to the Convention.
In Arts and Media
- Sān Gè Hăo Rén (One More
Chance; Simplified Chinese: 3个好人)
(2005) - a Singaporean film by Jack Neo
which portrays the lives of three convicts in prison. It also
reflects the social stigma towards ex-convicts. A judicial caning
scene was featured in the film in which one of the three convicts
(played by Henry Thia) receives his
caning sentence of 6 strokes. The scene is not featured explicitly
and only the audio is heard in that scene instead of visual
- Xiăo Hái Bù Bèn Èr (I
Not Stupid Too; Simplified Chinese: 小孩不笨2)
(2006) - a Singaporean film by Jack Neo
which reflects the life of an ordinary Singaporean teenager in
school and with his parents. One of the main characters, Tom Yeo
(played by Shawn Lee), is publicly
caned in school for fighting with his teacher. The caning scene is
graphically portrayed, with the young man bending over a desk on
stage in the school hall to receive three very hard strokes across
the seat of his trousers in front of the assembled student body.
This faithfully reproduced the procedure used in real life at the
school where the scene was filmed, Presbyterian High School. The
public caning issue sparked off a debate in which it became
apparent that some members of the Singaporean public did not
realise that corporal punishment is widely used in secondary
schools. Many seemed pleased to discover this, and letters in local
newspapers suggested that the caning of errant schoolboys has wide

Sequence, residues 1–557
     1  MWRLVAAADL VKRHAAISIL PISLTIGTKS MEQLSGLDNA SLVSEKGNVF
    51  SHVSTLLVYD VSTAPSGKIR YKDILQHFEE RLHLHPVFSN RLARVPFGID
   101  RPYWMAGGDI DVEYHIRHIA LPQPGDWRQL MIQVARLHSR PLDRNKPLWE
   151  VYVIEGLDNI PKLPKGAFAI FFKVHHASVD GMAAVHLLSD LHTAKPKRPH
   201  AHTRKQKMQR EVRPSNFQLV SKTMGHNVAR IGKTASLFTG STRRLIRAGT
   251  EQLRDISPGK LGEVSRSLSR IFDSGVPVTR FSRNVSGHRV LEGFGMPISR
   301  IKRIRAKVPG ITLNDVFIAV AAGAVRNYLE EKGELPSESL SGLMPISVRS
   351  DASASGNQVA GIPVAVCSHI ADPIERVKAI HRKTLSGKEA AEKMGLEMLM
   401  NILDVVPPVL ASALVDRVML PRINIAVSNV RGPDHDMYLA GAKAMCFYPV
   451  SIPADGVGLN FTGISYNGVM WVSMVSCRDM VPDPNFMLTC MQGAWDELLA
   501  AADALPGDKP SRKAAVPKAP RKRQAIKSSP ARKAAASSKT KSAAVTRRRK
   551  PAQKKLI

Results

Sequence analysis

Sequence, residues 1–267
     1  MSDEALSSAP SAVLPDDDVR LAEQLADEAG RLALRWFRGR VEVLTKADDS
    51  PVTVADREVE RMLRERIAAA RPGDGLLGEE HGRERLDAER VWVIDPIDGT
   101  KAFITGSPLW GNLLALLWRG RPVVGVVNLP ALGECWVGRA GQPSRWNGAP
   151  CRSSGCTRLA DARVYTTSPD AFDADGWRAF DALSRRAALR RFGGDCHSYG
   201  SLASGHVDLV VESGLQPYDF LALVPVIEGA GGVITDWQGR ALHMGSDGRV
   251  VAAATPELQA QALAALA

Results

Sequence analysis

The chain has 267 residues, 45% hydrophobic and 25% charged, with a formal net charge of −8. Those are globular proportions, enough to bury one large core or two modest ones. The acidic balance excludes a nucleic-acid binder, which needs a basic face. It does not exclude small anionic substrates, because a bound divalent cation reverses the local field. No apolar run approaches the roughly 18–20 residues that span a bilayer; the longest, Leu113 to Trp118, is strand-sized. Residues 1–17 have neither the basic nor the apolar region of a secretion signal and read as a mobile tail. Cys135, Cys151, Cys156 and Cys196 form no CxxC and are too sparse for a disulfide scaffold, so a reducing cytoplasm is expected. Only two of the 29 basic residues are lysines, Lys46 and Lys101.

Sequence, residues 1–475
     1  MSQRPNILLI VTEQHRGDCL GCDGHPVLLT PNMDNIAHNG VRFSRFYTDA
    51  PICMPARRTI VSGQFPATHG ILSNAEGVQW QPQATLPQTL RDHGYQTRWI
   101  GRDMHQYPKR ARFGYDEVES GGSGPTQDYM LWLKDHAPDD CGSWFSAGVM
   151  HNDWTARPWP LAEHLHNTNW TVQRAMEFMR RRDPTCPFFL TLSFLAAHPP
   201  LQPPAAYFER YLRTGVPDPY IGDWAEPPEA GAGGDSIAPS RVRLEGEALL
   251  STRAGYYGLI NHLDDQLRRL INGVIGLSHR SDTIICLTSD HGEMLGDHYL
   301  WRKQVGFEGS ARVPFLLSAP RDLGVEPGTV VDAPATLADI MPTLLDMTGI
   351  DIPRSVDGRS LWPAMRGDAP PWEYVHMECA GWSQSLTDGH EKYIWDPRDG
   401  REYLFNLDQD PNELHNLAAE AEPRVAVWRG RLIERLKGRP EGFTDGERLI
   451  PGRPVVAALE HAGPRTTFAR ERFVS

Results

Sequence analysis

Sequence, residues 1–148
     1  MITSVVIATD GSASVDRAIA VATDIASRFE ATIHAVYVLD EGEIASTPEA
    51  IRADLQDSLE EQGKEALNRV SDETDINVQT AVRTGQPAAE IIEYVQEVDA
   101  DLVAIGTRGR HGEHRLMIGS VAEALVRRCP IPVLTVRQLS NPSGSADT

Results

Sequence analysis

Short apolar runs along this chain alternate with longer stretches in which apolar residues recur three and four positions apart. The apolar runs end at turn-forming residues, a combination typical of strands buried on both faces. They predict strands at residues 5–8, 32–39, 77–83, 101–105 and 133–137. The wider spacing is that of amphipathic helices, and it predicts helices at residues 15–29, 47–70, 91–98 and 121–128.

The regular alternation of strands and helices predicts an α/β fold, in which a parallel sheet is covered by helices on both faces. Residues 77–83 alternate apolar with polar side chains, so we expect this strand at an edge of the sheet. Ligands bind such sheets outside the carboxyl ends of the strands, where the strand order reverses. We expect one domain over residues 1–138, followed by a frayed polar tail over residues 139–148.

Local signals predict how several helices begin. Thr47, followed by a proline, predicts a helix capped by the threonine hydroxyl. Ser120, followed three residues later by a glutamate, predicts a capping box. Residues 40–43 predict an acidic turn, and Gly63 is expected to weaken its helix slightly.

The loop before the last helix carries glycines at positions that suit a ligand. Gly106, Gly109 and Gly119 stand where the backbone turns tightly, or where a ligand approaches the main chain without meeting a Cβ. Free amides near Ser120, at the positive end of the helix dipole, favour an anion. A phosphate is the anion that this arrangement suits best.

- Shí Sān Biān (The Homecoming; Simplified Chinese： 十三鞭)
(2007) - a Mediacorp television
production. The Chinese title of the TV series translates as
"Thirteen Strokes". In the TV series, four men were convicted of
arson in their youth and sentenced to imprisonment and 3 strokes of
caning each. One of them (played by Rayson
Tan) received an extra stroke of caning, supposedly for being
the mastermind. Several years later when he becomes a successful
lawyer, he sets off to find out who betrayed him and takes his
revenge. The caning scene is featured in one of the episodes.
- The Caning of Michael Fay: The Inside Story by a
Singaporean (1994) - a documentary book by Gopal Baratham published in the wake of the
controversial caning of Michael P.
Fay. It concentrates on the personal
aspects, the punishment and the sociology of caning in Singapore.
The book includes some descriptions of caning and photographs of
its results, as well as two personal interviews with men who had
been caned before.
- Singapore Criminal Procedure Code
- Immigration Act, s.15.
- Singapore Human Rights Practices 1994, US State
- Country Reports on Human Rights Practices for
2007, US State Department, released 11 March 2008.
- Prison Regulations 132(2).
- Criminal Procedure Code, § 229(4).
- "'No advance notice' for caning", Straits
Times, 4 May 1994.
- Criminal Procedure Code, § 231.
- Reuters, "Fay describes caning, seeing resulting scars",
Los Angeles Times, 26 June 1994.
- Viyajan, K.C. "Vandal
caned three strokes more than ordered", Straits Times,
30 June 2007.
- Viyajan, K.C. "Caning
error: Ex-inmate accepts mediated settlement", Straits
Times, 20 August 2008.
- Prisons Act (ch.247), sec.71, Singapore
- Teh Joo Lin. "New check on punishing prisoners", Straits
Times, 15 September 2008.
- Singapore: Caning in the military forces at World
Corporal Punishment Research (includes a photograph of a military
caning in progress)
- Straits Times, Singapore, 30 July 1975.
- Armed Forces Act 1972, cap.295.
- Speech by Mr Tharman Shanmugaratnam, Acting Minister for
Education, 14 May 2004.
- Regulation No 88 under the Schools Regulation Act
- Lee Hui Chieh. "Most parents here don't cane kids, shows
study", Straits Times, 17 September 2004.
- Amnesty International Report 2008:
- Teo, Wendy. "Rayson Tan bares his bum for the first time in new
Channel 8 drama, only to become...The butt of jokes", The
New Paper, Singapore, 3 April 2007.
- Baratham, Gopal (1994). The caning of Michael Fay.
Singapore: KRP Publications. ISBN 9810057474
- Review of this book at World Corporal Punishment